“Nature has no boundaries.” 

The Pilot

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Top 9 Immediate Concerns with Extreme Heat

Washington (GGM) Analysis | August 18, 2021 by author and climate journalist Noreen Wise

Human civilization evolved during the most stable climate conditions in the history of the Earth. Scientists refer to this era as The Holocene Epoch, a period of global temperature variations rising and falling between +/-1ºC, but never exceeding the +1ºC. This stability provided more than ten thousand years of reliable four seasons and predictable weather patterns. 

Now, for the very first time, we are above 1ºC. There is global alarm. Scientists are warning that we’re meeting this formidable foe decades earlier than expected. That with the melting icecaps, temperatures will rise much more rapidly. Many scientists warn that the temperatures might actually skyrocket exponentially. 

We are seeing other remarkable changes across the planet that are challenging the limits of our understanding of the climate system. We are now in truly uncharted territory.

World Climate Research Program Director David Carlson
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The sixth IPCC Report, released Monday August 9, 2021, outlines that scientists have no data or compass to accurately predict the future, nor accurately calculate the impact the extreme heat will have on every aspect of our lives. Reaching this dreadful heat marker this early has caught us off guard, and requires immediate action to curb the life-threatening negative impact.

Heart of the matter. Below are the top 9 immediate heat concerns to wrap our minds around. We should view each from the perspective of a citizen scientist: a learning experience to document and share with others.

  1. Work Performance. According to UCLA Assistant Professor for Public Policy Dr. Jisung Park, “heat hurts.” “Using data covering the universe of injury claims from the nations largest worker’s compensation claims,” Park and colleagues explored the link between heat and workplace safety and determined that injuries are more likely when temperatures are above a heat index of 90ºF.
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  1. Food Supply. Drought across the United States farmland in 2021 has dramatically reduced crop yield and impacted our overall food supply. Although the amount of rain is important, and having little of it causes great concern, the more notable telltale is soil moisture. Regenerative farmers and ranchers like Gabe Brown in North Dakota, have worked hard for decades to strengthen soil health on their land using an armor of diverse cover crops. This practice locks in soil moisture, which protects their crops in the event of a drought. But in general, according to Successful Farming: “Soil moisture levels, nationally, declined fast, with topsoil and subsoil both down 4% in adequate/surplus.” Conditions for conventional farmers are not looking good for a profitable harvest this autumn. Additionally, the public was advised several years ago to begin planting our own vegetables in case our food supply was threatened. Those of us who did, may have noticed that tomatoes don’t pollinate in high heat this summer and we only netted a few tomatoes per plant in Northern Virginia.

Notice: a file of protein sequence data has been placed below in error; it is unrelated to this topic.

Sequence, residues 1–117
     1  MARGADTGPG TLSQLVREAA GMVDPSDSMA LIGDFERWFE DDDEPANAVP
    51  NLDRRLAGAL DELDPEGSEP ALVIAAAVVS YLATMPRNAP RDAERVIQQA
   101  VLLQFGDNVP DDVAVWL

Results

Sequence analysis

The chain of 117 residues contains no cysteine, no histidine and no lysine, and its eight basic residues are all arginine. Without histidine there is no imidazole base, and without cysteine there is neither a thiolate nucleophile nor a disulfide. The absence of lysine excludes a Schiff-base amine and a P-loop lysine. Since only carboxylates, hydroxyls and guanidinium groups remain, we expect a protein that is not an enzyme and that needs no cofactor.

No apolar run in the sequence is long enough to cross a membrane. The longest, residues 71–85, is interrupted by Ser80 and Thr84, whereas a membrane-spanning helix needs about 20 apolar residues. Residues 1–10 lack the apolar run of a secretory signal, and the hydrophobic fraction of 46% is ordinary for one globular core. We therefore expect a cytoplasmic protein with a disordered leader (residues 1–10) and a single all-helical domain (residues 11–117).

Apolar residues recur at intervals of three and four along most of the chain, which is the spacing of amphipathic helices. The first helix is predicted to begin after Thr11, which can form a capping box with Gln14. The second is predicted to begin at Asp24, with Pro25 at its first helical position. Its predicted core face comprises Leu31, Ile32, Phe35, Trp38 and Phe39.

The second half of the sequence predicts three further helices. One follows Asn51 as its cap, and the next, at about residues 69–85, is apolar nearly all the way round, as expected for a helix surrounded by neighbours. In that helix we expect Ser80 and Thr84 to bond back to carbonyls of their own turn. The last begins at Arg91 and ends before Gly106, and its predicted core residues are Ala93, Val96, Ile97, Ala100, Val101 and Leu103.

2. Water. Years of drought out West have resulted in cascading negative fallout that has crimped the daily routines of millions of Americans. A water shortage has just been declared at Lake Meade along the Colorado River in Nevada. Lake Meade, now at a trifling 34 percent of capacity, is the largest reservoir in the US and supplies 25 million people with their water. Water restrictions have been established in many communities.
  3. Pets. Pets are often left in cars when owners dash into the grocery store or post office. Pets can die of heatstroke in 15 minutes in a hot car, and cracking the window won’t help. Further, asphalt is 40-60 degrees hotter than the air temperature, so walking our dogs on the scorching hot asphalt without little booties will fry their paws.
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  1. Explosions. There have been multiple random explosions at sites in the US and abroad, several of which have resulted in tragic deaths. These need to be properly investigated so we can learn if heat is causing spontaneous combustion. There are thousands of hazardous waste sites around the country, some of which are nuclear. Extreme heat has the potential to result in catastrophic blowback at all of these sites.
    
  2. Infrastructure. Extreme turbulence will become more common as the weather heats up and has the potential to result in passenger planes being violently tossed around, which may result in structural damage. New safety standards should be established in light of this potential constant stressor. Trains, subways, buses, and bridges are made of steel which expands in the heat. Cars have many plastic parts that can melt in the heat.
  1. Home Construction Safety Standards. The list is long and wide. Roofs must be reinforced to withstand the stronger winds and heavier rains. Sealants applied to exterior building walls will protect against frequent heavy downpours. New buildings should be required to have white roofs and white walls to reflect the sun’s energy.
  2. Lightning. Climate change has resulted in stronger and more frequent lightning strikes. In fact, three are more than 100 lightning strikes per second. One million lightning strikes that hit the ground per day. The vast majority of wildfires are started by lightning strikes. We need to make sure that our homes, and all structures, are grounded properly. New grounding standards should be established.